Abellio is proud to be at the heart of the UK rail industry, helping millions of passengers get from A to B and beyond every day. However, we cannot do this alone – the rail infrastructure in the UK is busy and relies on many different organisations working in collaboration. Here is how we all fit together.
Who owns the rail infrastructure?
Network Rail is the owner and operator of the majority of the UK’s national railway infrastructure. It must ensure safe and effective management of that infrastructure.
The Office of Rail and Road (ORR) is the independent regulator which sets out conditions to which Network Rail must comply. The ORR operates within a framework set by UK and EU legislation and is accountable through Parliament and the courts.
Who runs the railway network?
A number of transport organisations – like Abellio – bid for franchises to run specific routes, leasing and managing stations from Network Rail and leasing trains from rolling stock companies.
Abellio is a holding company in the UK, within the group’s wider range of public transport services across Europe.
Passenger Services (Franchises)
In the UK, rail passenger services are split into regional franchises and delivered by private Train Operating Companies (TOCs) like ScotRail for example.
Companies like us bid for contracts (usually over 7-8 year terms) to run individual franchises.
Most contracts are awarded by the Department for Transport (DfT). The exceptions are Merseyrail, which is awarded by Merseyside Passenger Transport Executive, and ScotRail, which the DfT awards on the advice of the Scottish Government’s national transport agency, Transport Scotland.
There are also some local or specialised rail services operated on an ‘open access’ basis outside the franchise arrangements, such as Heathrow Express and Hull Trains, which purchase individual slots on the UK network.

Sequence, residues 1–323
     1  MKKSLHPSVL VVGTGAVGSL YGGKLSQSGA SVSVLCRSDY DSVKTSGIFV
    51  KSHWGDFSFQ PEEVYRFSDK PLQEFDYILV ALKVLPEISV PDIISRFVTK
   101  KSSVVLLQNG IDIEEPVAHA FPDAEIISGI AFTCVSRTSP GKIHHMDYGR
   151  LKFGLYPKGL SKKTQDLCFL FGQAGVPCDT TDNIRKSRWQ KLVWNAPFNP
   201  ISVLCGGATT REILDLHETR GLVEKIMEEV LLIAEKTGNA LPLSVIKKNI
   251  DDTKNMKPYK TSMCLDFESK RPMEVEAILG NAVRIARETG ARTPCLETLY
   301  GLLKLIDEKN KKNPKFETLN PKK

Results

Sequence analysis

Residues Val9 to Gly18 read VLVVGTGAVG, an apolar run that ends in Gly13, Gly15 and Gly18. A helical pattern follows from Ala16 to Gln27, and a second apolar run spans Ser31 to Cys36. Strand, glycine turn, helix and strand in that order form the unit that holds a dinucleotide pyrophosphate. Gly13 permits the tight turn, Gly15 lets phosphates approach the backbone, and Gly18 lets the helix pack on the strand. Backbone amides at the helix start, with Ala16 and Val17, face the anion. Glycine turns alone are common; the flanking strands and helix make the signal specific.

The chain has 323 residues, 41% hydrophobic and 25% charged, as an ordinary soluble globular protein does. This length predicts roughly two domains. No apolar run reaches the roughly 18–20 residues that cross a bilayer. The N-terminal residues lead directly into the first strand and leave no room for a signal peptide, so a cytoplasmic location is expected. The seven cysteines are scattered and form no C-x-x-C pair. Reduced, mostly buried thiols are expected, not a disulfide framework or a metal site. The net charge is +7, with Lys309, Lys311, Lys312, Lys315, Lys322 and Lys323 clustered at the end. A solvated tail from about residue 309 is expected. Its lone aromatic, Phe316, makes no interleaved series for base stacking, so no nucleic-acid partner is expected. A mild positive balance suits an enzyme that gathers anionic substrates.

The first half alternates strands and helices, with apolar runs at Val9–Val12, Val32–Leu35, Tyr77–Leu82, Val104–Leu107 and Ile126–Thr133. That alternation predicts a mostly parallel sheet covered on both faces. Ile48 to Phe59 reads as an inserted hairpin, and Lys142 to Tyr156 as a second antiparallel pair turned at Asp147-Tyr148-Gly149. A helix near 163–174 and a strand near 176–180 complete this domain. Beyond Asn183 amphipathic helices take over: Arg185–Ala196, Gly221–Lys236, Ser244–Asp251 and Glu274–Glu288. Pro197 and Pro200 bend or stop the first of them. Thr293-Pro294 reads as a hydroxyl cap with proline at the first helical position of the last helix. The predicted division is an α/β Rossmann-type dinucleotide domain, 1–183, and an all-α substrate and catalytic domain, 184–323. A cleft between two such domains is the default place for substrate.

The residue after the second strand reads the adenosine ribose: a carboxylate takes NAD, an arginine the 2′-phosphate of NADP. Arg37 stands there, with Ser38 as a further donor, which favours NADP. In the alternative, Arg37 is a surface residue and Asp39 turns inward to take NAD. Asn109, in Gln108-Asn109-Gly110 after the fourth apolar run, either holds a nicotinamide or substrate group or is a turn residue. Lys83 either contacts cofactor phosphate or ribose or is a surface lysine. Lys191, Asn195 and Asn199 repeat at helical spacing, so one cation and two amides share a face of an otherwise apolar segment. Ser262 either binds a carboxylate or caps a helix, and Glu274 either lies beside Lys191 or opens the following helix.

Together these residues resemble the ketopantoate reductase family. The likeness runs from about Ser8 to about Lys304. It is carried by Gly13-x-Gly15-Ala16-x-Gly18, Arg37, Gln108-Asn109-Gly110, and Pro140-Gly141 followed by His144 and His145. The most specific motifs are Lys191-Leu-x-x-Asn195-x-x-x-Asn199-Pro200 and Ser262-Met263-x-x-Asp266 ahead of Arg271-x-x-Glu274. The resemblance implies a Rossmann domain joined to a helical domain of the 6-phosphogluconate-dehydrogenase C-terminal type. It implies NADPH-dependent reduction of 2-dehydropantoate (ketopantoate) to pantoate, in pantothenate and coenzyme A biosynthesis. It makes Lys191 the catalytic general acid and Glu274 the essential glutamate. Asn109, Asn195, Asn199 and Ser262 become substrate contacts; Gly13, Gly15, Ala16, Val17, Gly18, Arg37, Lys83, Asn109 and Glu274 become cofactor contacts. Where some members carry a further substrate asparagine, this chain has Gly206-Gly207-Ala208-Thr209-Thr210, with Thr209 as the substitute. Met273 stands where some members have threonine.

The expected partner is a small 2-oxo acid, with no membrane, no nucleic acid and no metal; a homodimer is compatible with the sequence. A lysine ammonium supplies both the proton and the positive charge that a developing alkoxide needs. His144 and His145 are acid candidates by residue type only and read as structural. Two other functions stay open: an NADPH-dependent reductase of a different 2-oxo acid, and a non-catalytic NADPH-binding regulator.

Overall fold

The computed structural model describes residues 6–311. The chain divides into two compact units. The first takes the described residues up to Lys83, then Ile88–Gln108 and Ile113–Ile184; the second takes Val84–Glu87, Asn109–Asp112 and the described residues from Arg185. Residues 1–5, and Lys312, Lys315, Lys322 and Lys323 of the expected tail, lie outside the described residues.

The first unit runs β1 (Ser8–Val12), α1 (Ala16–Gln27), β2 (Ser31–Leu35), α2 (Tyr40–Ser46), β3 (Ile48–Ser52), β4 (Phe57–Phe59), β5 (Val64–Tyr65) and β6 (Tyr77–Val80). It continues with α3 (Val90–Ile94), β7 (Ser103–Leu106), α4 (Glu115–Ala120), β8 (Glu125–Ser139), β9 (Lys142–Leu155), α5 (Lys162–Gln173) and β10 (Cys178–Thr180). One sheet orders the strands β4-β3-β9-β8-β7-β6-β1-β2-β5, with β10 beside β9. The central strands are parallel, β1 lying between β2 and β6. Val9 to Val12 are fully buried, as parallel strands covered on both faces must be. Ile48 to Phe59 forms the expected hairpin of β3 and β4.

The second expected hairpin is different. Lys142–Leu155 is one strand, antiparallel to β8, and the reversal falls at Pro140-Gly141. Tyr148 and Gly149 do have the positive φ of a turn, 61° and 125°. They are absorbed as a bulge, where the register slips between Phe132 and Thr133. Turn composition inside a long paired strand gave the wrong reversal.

Abellio’s UK Rail Franchises
Abellio currently runs four such franchises in the UK – Merseyrail, Greater Anglia, ScotRail and West Midlands Trains. Since 2003, Abellio has operated the Merseyrail franchise in a joint venture with Serco, a public service provider based in Hampshire. Abellio has a 50% shareholding in Serco-Abellio.
Abellio Greater Anglia began operating the Greater Anglia franchise in 2012. Four years later, Abellio successfully bid to retain the renamed East Anglia franchise until 2025. In January 2017, Abellio sold a 40% stake of this to Japan-based Mitsui.
In 2015, Abellio won and commenced operating the ScotRail franchise as Abellio ScotRail. Finally, in 2017, Abellio won and commenced operating the West Midlands franchise as West Midlands Trains.
Alliances are agreements between Network Rail and TOCs that align behaviours through shared incentives and objectives.
They look at ways where more integrated working could help improve the service for passengers or reduce cost. This could be through better management of stations, betting planning of engineering work or improvements to train punctuality.
The ScotRail Alliance is one example – a close working relationship between Abellio ScotRail and Network Rail Scotland Route. Formed in 2015, it aims to improve the railway in Scotland for the benefit of passengers by working to common aims and objectives under a single managing director and senior team.
There are two types of train fares in the UK – regulated fares and unregulated fares.
Almost half of fares are subject to regulation by Government – in England, in Wales and in Scotland. A formula based on the Retail Price Index (RPI) of the previous July helps set regulated fares, although there is a degree of flexibility, often referred to as the fares basket or flex.
All remaining fares – just more than half in the UK – are set commercially by train operators.